“I have an almost religious belief that nonfiction is built from careful observation, which reveals that almost anything—from the tree outside the window, to a horrible sandwich, to a devastating life event—has some kind of meaningful system, or structure, to it. Sometimes that structure is defined by entropy, or resembles a Greek play, or is purely Freudian in nature.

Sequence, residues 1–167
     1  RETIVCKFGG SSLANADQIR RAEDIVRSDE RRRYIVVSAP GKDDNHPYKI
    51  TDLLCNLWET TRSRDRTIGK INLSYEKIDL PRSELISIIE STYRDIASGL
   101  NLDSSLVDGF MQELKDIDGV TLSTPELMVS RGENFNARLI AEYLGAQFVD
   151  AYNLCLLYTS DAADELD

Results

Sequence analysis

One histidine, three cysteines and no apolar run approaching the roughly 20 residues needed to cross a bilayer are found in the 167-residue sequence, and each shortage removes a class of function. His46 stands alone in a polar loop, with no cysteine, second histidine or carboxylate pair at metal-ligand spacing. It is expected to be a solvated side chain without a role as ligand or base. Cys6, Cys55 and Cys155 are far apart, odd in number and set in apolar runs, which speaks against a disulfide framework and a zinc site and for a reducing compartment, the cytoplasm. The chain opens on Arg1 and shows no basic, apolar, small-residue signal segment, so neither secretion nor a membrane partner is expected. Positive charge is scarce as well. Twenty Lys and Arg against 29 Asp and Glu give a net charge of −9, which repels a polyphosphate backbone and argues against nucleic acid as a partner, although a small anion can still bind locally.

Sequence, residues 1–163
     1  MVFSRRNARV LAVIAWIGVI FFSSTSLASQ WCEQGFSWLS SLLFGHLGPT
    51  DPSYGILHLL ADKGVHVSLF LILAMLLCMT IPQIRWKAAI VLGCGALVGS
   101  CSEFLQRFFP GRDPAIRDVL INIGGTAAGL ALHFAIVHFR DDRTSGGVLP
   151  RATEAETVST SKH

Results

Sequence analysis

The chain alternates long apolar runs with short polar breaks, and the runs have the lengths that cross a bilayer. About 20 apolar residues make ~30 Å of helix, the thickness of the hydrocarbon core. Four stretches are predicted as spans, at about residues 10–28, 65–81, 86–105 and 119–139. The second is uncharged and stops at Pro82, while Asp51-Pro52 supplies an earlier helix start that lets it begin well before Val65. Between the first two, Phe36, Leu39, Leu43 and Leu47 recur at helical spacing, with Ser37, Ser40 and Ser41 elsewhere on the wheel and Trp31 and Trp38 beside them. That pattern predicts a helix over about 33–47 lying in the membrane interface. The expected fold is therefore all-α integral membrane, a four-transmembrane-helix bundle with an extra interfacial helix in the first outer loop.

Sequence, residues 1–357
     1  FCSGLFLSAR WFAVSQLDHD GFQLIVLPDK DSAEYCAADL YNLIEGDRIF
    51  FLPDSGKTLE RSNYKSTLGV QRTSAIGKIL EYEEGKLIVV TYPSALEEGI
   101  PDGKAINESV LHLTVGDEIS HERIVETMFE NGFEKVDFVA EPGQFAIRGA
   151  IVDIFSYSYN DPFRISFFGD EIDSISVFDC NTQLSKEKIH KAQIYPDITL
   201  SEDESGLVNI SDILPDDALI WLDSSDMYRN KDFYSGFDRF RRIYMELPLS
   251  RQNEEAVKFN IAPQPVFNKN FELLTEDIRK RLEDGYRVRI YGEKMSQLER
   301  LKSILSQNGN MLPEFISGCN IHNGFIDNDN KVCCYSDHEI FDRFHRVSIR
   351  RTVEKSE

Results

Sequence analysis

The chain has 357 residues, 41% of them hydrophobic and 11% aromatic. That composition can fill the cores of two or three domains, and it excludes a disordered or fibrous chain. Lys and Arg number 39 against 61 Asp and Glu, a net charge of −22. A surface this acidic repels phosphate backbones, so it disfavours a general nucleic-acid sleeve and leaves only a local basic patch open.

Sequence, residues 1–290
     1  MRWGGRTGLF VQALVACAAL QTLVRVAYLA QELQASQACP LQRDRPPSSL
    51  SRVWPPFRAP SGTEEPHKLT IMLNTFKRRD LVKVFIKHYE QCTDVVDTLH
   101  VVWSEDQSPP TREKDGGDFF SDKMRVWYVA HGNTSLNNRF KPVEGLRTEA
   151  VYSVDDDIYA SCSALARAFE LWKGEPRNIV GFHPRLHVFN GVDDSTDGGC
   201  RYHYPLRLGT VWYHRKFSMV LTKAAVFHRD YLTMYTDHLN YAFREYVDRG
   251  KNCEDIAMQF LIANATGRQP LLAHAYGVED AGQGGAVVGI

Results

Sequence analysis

I feel like I have remarkable things happening to me all of the time, probably because I’m always looking at everything so carefully and analyzing its structure. When I’m really stuck, or muddled because I’ve confused myself, I turn to something that has a really obvious banal architecture, like long-running TV shows. Buffy the Vampire Slayer works very well, so does Alias.”
—Minna Proctor, author of Do You Hear What I Hear (Viking, 2005)